The inital version of our tooling had been built on top of glup, but we wanted to minimze our bundle size to decrease the cold-start time of our lambda functions, to do that we turned to rollup. With rollup we could really start to think about our systems as a graph. The entry point would be a lambda function since these represented the API that other stacks would consume. We would leverage our graph of providers, starting with the provider for the lambda implementation and use it to discover dependencies on other AWS resources. Adding a new resource to a stack was as easy as writing code that depended on it. We could share libraries that exported Providers which created their own resources in the consumer's stack.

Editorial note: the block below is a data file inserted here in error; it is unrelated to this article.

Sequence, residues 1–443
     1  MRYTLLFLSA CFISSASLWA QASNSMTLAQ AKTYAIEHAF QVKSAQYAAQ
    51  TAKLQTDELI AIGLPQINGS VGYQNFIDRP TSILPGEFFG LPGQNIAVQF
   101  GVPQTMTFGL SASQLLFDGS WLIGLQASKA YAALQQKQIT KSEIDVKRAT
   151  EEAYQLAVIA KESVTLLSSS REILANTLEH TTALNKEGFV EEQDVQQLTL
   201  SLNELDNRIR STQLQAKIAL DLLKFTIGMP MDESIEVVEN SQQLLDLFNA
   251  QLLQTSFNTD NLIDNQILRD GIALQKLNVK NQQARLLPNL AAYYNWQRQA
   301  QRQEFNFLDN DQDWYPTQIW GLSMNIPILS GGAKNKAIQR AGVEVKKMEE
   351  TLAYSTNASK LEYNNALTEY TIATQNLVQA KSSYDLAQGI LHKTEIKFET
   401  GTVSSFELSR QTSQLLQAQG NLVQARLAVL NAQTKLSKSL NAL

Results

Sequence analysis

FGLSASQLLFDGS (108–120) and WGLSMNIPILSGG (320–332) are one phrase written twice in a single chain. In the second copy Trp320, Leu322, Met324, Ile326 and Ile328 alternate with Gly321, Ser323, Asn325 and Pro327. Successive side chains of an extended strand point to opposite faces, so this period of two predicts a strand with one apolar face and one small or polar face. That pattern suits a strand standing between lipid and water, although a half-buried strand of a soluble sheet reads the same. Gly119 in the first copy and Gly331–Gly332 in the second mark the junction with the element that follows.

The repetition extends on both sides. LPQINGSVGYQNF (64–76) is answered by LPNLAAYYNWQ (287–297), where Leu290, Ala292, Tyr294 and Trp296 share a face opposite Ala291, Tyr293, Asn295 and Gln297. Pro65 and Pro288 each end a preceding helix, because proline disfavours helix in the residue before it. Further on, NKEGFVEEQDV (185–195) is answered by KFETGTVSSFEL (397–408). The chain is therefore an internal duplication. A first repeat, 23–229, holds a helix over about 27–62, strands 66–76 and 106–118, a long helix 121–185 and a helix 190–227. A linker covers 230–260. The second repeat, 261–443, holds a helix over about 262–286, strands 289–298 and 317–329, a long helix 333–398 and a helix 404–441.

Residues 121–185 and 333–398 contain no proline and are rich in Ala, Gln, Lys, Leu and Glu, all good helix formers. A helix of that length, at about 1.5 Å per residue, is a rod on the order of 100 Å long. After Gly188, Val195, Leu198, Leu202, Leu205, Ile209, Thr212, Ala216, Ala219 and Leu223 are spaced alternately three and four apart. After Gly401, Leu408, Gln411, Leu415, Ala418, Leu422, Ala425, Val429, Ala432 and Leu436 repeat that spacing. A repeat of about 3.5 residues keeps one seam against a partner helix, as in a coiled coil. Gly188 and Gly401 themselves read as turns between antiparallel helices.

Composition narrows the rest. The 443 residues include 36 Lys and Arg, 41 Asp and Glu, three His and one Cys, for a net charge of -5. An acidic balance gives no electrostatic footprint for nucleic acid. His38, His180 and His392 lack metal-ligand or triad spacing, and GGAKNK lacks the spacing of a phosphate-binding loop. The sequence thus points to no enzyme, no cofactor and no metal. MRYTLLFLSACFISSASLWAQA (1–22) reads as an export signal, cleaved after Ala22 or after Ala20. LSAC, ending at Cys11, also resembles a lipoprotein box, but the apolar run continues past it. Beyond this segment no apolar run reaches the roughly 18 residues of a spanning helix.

A graph showing the path from a lambda fuction through providers to AWS resours, Dynamo, S3, and KMS

Around the end of 2020 we had all of these peices in place and saw what was in effect an explosion in productivity. Developers could re-use software components and even if those components depended on concrete resources like a database they would automatically get access to that database.